Meaningful and Routine Opportunities to Participate and Contribute

Research consistently identifies this characteristic as being part of the experience of persons who exhibit resilience.  An individual is more likely to be resilient if they have opportunities for meaningful involvement and responsibility beyond that which immediately effects their own welfare and personal needs (i.e., the have the opportunity to engage in altruistic acts) as well as having the opportunity to routinely participate and make a meaningful contribution to whatever familial, social or organisational structure in which they find themselves.  The latter, of course, will impact on their own welfare and attainment of personal needs.

This characteristic contributes to the development of pro-social bonding – the recognition that the world does not revolve around me and that I have a responsibility to ensure the welfare of others as well as my own welfare. It also enhances an individual’s sense of self-worth and self-efficacy – they know they have a contribution to make and that people want them to make it.  They and their contribution are valued.  It is important to note that this contribution and participation ought to be regular and meaningful if it is going to enhance an individual’s resilience and create a culture where participation and contribution by individuals becomes the norm.  These opportunities need to be more than token or sporadic.

In the community context this is expressed through practices and processes that facilitate a sense of involvement. Resilient communities have governance structures and processes that invite and facilitate individual and group involvement in decision making and implementation of resultant policies and procedures. Resilient communities have processes of consultation which seek and the expertise, needs, issues, concerns and opinions of various sections of that community.  People in resilient communities believe in the importance of the members of that community working together to achieve the best possible outcomes for individuals, groups and the community as a whole.  They are aware of their roles and responsibilities and have equitable access to the resources of the community to carry out those roles and responsibilities.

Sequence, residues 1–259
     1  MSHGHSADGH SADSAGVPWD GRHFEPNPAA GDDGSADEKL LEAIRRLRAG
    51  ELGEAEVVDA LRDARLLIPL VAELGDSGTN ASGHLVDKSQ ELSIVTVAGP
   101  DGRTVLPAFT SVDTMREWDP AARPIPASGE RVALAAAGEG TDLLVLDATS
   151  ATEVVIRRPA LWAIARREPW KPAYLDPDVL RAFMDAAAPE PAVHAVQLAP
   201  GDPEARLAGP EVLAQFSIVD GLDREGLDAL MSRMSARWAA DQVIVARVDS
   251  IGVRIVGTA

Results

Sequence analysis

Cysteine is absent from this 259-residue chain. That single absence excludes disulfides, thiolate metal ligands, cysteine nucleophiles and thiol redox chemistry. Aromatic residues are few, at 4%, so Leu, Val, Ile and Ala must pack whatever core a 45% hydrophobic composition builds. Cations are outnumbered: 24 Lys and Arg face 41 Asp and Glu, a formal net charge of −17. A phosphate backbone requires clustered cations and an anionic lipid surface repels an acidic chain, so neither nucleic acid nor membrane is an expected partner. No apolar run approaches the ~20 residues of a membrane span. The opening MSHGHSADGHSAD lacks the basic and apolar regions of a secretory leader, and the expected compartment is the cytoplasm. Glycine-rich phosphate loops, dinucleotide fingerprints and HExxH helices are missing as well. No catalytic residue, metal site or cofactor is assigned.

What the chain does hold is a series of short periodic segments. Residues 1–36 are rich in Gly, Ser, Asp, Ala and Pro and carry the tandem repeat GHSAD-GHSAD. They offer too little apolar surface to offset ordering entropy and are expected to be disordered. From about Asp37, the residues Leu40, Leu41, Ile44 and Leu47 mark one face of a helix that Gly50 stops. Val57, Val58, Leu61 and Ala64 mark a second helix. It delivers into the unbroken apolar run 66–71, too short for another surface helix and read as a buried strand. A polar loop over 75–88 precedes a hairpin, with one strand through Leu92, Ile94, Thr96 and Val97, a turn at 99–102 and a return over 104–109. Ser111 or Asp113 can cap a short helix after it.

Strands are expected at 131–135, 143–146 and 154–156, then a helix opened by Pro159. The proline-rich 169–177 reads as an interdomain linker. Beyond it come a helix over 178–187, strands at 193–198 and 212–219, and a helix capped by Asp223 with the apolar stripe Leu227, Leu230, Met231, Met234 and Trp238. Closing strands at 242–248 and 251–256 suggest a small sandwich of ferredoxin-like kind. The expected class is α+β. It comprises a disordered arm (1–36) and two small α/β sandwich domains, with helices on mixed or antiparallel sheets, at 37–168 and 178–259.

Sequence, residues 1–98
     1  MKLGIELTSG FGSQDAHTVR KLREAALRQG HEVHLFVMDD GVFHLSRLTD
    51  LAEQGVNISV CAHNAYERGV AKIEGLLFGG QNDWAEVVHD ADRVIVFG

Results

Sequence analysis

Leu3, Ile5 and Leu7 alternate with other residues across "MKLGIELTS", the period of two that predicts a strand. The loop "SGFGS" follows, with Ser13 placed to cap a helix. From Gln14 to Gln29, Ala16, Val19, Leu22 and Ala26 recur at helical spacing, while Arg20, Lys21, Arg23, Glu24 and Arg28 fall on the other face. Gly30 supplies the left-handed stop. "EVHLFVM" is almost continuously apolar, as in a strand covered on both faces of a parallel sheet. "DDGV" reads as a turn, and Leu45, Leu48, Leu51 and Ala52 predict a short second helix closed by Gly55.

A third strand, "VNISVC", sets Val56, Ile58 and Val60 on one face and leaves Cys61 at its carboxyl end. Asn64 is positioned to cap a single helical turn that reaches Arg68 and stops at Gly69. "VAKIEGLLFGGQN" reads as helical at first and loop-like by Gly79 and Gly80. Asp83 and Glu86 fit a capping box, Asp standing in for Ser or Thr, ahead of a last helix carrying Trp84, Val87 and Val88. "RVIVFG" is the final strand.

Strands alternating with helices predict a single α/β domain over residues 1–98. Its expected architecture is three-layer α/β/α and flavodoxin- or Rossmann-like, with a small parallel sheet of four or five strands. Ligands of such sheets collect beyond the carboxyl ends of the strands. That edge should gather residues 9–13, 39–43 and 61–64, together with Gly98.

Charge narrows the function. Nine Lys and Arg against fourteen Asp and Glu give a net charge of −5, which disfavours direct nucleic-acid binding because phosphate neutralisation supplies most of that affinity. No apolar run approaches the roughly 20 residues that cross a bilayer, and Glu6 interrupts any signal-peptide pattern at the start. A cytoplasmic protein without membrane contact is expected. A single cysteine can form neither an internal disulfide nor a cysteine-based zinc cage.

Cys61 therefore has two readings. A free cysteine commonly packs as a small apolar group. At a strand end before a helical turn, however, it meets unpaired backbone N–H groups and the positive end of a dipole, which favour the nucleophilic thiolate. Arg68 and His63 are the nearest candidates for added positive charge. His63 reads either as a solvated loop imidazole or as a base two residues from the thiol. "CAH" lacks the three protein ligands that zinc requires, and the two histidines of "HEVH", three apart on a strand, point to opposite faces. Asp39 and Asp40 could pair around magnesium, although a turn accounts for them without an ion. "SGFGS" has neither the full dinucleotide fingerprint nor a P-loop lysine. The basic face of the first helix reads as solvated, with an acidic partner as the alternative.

In the workplace context this is expressed through practices that facilitate this sense of involvement.  In resilient organisations, an individual’s role and responsibilities are greater than punching the clock and doing the bare minimum.  He or she is seen as an important asset of the organisation who has a valuable and useful perspective on their work and how the core objectives of the organisation can be achieved.  Resilient organisations encourage, recognise and value employees who participate and contribute to the life and core objectives of the organisation.

The advent of increased organisational involvement in the life of the wider community could be viewed as being a cynical and manipulative marketing ploy. The range and diversity of this type of investment in social capital is, I believe, another aspect of this human desire and need to participate and contribute beyond our own immediate interests and needs.  To recognise that we, or our organisation, are not the centre of the universe and that investment in social capital is a natural and necessary part of being human – a recognition that “no man is an island”.